The government wants to make EV ownership a more practical proposition.
The Biden-Harris Administration announced yesterday that more than two-thirds of EV charging infrastructure plans have been approved ahead of time, under the National Electric Vehicle Infrastructure Formula Program (NEVI). These states, along with the District of Columbia and Puerto Rico, will receive more than $900 million in funding in the coming financial years.
This sizeable investment will go towards the building, maintenance, and support of new electric vehicle chargers across approximately 53,000 miles of highway. "We are taking an important step to [building] a nationwide electric vehicle charging network where finding a charge is as easy as locating a gas station," remarked Transport Secretary Pete Buttigieg.
He added, "With the first set of approvals we are announcing today, 35 states across the country - with Democratic and Republican governors - will be moving forward to use these funds to install EV chargers at regular, reliable intervals along their highways." The funding forms part of the greater Bipartisan Infrastructure Law, which also aims to make American roads safer through infrastructure improvements.
As per a Department of Transportation statement, the law will make $5 billion available over five years and hopes to build a "convenient, reliable, and affordable" network of chargers. This follows a recent announcement from The White House which stated the government's intention to build 500,000 charging stations across the United States by 2030.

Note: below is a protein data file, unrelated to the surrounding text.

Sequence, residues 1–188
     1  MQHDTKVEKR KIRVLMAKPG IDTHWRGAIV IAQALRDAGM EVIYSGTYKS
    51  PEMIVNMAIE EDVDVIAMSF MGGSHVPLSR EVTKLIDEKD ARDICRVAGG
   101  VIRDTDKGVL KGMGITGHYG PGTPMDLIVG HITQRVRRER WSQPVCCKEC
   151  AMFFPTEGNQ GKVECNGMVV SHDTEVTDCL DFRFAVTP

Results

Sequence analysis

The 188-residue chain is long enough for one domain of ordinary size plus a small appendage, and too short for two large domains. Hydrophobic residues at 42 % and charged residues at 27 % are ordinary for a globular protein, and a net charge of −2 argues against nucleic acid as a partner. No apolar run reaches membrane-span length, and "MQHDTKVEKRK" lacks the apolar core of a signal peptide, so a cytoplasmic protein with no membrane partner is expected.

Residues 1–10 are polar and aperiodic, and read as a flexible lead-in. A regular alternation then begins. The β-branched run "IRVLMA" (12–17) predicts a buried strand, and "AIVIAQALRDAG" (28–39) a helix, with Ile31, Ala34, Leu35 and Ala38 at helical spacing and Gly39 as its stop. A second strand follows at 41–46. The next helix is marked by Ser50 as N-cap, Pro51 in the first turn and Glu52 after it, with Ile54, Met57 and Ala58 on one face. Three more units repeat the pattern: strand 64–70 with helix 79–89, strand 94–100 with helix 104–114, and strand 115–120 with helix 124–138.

The Biden Administration is betting big on electric vehicles and recently introduced the Inflation Reduction Act. Through this piece of legislation, the US government is hoping to make EVs more appealing through incentives - but there are limitations. Only some vehicles, such as the Tesla Model 3, are eligible for the $7,500 credit.
Owing to their hefty price tags, certain vehicles may be disqualified. The push for mass adoption of electric vehicles comes as the government looks at improving the environment and lessening the country's "dependence on oil and gas," explains Secretary of Energy, Jennifer M. Granholm.
Granholm also explained that the approved EV infrastructure spending will create more convenience for EV drivers in the future. "This first group of 35 plans from States, the District of Columbia, and Puerto Rico now have the green light to build their pieces of the national charging network to ensure drivers can spend less on transportation costs while commuting confidently by charging along the way," added the Energy Secretary.
The 35 approved states include California, Florida, Michigan, Nevada, and Washington. The selected regions can now be reimbursed for costs related to existing plans, use the funds to upgrade and maintain existing infrastructure, or build new stations.
For many would-be EV owners, difficulties associated with charging remains the biggest hindrance. A study conducted earlier this year revealed that many public charging points were in varying states of disrepair. In the San Francisco Bay area alone, a staggering 23% of chargers were broken.
Acting Federal Highway Administrator Stephanie Pollack said the quick action of state leaders put the plan ahead of schedule. "We are reviewing the remaining plans and [are] on track to finish the process by our target date of September 30, if not sooner. Our shared work to bring President Biden's vision for a national electric vehicle network to communities across America is too important to wait."
The federal government itself is hoping to replace aging ICE vehicles with newer, cleaner electric vehicles. In fact, by 2035, President Biden hopes to have 600,000 EVs in the federal fleet. Whether this happens remains to be seen, but we hope the country's energy reserves are ready to deal with the swift uptake of electric vehicles.
California recently gave us a glimpse of the future, as the state urged EV owners not to charge their vehicles during peak hours. The electricity demand is only set to climb in the coming years so, hopefully, provisions will be put in place.